The truth of this is shown by things that machines still cannot do – we still exploit foreign labour at home to pick fruit or pack and deliver Amazon goods, and abroad to mine cobalt, make solar panels or sort our exported waste. We suspended the fossil-fuel economy for COVID, and plunged 100 million poor people in to poverty and, in some cases, into actual slavery – the going rate for a child in Afghanistan is now around £600, I believe.

The evil cars and trucks that currently burn petroleum products, and the even more evil steam trains and ships that fired up as slavery retreated, actually spelled the liberation of millions of beasts of burden, not to mention people of burden. Horses are now usually well-cared for by the wealthy: but they are intrinsically more expensive than motor vehicles, and where financial resources are scarce, cruelty and neglect of animals is inevitable. Ban powered vehicles and beast of burden, and you’re back to slavery again.

Many more example can be given. In the last few decades, the number of people in abject poverty across the world has dropped dramatically, sub-Saharan Africa being almost its last stronghold. Globalists and other ignorant people still say we are overpopulated and will all starve, but for several years now the world has produced enough to feed 10 billion people, not far short of the UN’s own projected maximum before the world population stabilises and naturally drops. The current decreasing birthrate already makes that almost inevitable.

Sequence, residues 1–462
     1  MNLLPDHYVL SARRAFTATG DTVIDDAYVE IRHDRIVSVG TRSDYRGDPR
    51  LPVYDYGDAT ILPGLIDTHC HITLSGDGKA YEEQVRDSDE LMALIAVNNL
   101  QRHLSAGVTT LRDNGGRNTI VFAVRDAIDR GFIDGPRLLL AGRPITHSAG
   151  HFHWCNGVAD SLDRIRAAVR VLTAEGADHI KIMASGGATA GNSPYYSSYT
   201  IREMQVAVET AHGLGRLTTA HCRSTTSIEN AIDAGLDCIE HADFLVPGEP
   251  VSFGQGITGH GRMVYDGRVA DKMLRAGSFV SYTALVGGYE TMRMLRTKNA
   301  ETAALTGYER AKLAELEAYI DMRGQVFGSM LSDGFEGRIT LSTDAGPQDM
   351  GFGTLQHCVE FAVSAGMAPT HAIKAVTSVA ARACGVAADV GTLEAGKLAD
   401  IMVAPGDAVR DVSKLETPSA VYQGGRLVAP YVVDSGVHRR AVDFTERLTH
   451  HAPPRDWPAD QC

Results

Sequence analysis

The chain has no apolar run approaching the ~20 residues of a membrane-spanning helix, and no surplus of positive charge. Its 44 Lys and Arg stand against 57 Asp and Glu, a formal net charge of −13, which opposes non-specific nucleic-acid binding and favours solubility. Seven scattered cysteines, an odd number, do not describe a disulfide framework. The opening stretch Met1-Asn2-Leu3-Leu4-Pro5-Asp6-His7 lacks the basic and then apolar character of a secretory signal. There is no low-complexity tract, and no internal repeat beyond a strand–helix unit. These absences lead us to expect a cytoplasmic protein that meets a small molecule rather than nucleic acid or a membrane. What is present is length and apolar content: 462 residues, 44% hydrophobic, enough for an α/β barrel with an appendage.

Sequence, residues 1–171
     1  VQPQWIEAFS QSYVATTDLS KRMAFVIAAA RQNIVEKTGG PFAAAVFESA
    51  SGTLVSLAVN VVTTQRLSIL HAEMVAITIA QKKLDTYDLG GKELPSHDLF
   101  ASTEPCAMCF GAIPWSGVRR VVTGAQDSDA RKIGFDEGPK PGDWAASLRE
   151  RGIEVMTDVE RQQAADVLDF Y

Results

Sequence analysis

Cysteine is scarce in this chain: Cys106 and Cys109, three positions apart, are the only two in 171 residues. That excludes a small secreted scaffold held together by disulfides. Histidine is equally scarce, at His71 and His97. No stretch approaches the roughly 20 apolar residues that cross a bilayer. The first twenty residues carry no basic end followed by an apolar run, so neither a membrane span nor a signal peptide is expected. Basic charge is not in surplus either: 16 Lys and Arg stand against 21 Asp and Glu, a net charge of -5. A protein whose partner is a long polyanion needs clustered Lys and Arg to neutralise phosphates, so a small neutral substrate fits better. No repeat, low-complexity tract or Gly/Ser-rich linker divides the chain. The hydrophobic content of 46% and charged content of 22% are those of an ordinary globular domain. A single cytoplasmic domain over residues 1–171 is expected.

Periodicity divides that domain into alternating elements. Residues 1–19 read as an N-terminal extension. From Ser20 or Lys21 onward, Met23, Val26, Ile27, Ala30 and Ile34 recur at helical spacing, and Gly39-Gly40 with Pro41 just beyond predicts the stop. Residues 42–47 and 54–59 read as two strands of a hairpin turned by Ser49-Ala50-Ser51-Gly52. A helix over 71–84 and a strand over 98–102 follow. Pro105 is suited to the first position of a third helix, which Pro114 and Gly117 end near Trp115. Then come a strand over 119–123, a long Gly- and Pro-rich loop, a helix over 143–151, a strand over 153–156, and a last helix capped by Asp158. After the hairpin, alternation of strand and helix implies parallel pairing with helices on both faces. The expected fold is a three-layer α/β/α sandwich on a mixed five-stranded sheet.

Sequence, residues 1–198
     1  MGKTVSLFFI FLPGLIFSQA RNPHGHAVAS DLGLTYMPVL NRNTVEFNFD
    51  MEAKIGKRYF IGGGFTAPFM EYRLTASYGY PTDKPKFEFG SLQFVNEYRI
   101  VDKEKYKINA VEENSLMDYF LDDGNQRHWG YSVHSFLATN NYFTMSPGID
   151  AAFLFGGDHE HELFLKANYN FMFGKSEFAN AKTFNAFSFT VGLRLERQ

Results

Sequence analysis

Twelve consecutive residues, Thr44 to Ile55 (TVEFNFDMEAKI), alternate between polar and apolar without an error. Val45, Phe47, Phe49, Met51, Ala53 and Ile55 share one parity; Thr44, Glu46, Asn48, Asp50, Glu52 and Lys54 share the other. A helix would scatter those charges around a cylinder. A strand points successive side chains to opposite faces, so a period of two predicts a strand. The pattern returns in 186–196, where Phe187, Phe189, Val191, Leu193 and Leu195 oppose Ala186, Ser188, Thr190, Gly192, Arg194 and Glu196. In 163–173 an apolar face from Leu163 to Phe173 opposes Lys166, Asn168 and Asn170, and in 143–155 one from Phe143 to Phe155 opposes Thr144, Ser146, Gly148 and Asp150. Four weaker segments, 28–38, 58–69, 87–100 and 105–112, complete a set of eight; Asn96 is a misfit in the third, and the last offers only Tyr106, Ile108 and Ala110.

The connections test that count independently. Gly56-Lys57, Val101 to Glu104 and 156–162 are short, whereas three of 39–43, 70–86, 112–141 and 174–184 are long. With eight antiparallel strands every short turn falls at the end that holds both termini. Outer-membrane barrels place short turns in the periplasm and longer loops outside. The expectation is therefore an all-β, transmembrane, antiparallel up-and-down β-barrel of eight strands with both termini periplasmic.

A greater proportion of that soil fertility has come from increased CO2 levels than from artificial fertilizers, and a significant percentage from warming itself. It’s as if God built in fossil fuel resources to his world to benefit the race once it had obeyed his injunction to “fill the earth and subdue it.” And maybe he turned the thermostat up when human circumstances required it. Who would have thought that there is a provident God managing nature, rather than a vengeful Gaia or parasitic humanity? Even many Christians seem to have slipped into the belief that only we can save the planet from ourselves, whereas Christopher Monckton (my contemporary at Cambridge) points out that the world was definitively saved 2,000 years ago – and not by us.